As Leticia Pérez Cuevas explains, the soil is vital in the philosophy of the work in the vineyards of the Bodega Queirón: «We understand that the soil and its biodiversity form the basis of the pyramid of the life of our vineyards, so we look after the soil by analysing its characteristics in depth, reducing tilling and allowing spontaneous plant cover to develop».
Several of the nutrients which are incorporated into the soils come from mulch from mushrooms and fungi from nearby composting plants. Thus two goals can be achieved, the reuse of that material and the care of our soils with top quality organic matter.
Another aspect is that in our vineyards allow wild fauna and cattle to live alongside each other so that during the winter months they can feed themselves on the grass and the organic waste of the vines themselves.
All these kinds of processes (especially the provision of the necessary organic matter for the vines and the plant cover) help give rise to a limit on the vigour of the growth of the vines so that it is not necessary to pinch or tip the shoots or perform other operations which involve using machinery or produce emissions of CO2. The pruned canes are ground up after pruning to prevent the risk of fires.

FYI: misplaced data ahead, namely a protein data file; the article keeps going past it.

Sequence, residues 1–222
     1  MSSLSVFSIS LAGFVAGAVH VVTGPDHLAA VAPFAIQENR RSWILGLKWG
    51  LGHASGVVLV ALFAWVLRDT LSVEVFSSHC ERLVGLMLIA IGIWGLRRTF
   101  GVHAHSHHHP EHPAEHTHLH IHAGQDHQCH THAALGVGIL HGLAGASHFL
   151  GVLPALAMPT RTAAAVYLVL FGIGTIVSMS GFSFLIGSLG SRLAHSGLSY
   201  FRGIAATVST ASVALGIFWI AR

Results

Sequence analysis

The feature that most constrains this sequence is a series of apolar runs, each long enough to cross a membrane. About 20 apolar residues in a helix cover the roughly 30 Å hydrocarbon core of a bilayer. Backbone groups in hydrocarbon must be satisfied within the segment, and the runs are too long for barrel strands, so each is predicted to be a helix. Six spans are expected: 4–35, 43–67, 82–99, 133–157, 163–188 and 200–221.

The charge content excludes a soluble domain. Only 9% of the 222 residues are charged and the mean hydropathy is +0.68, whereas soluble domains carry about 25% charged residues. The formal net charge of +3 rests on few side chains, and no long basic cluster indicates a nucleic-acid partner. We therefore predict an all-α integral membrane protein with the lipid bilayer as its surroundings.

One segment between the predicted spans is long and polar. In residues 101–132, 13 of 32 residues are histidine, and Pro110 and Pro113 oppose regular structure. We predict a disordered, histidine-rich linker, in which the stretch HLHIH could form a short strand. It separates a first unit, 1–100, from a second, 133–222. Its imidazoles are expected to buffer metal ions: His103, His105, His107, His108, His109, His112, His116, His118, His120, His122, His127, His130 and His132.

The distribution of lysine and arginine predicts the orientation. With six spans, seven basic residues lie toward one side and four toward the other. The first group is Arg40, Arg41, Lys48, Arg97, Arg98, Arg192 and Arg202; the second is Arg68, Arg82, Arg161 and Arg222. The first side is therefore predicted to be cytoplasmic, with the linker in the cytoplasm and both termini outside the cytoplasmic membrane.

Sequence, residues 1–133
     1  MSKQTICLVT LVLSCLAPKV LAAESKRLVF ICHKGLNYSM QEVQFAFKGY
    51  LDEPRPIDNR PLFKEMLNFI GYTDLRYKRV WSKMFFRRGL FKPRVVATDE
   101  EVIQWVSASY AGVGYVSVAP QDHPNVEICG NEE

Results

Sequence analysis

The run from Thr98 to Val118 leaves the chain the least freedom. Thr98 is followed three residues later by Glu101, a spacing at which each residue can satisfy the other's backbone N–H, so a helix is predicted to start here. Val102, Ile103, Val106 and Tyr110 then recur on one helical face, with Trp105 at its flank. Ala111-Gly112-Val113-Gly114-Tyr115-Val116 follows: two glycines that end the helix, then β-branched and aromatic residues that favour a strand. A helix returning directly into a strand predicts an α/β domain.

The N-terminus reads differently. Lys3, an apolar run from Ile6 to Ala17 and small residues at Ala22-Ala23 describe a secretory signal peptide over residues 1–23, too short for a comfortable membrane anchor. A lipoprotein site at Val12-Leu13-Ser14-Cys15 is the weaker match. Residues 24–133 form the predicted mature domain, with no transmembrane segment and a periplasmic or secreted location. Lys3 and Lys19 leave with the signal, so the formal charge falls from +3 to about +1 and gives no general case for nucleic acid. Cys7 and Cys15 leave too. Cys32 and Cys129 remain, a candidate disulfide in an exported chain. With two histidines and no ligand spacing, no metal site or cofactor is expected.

Another of the key aspects in the pursuit of biodiversity in Queirón is the use of new technologies to analyse, study and understand what phenomena occur in our vineyards, so we have conducted and are currently immersed in various research projects: the use of satellite images for analysing the vigour, moisture and state of health of the vines, the use of different types of plant cover in different soils or the increase of the amount of resveratrol in the grapes
Moreover, Bodegas Queirón maintains over fifty hectares of pine trees to reduce their carbon footprint to a minimum, prevent erosion and desertification of lands which would otherwise be abandoned. The bodega has also made a firm commitment to solar power, precision agriculture and zero waste.
As Leticia sums up, «we don’t want to reinvent what has already been invented; we believe in the ways of doing things of the growers of our town, their tradition of respect for nature and the ancestral ways of doing things. Our goal is for our children to find our vines at least as healthy and lovely as when our forbears left them to us».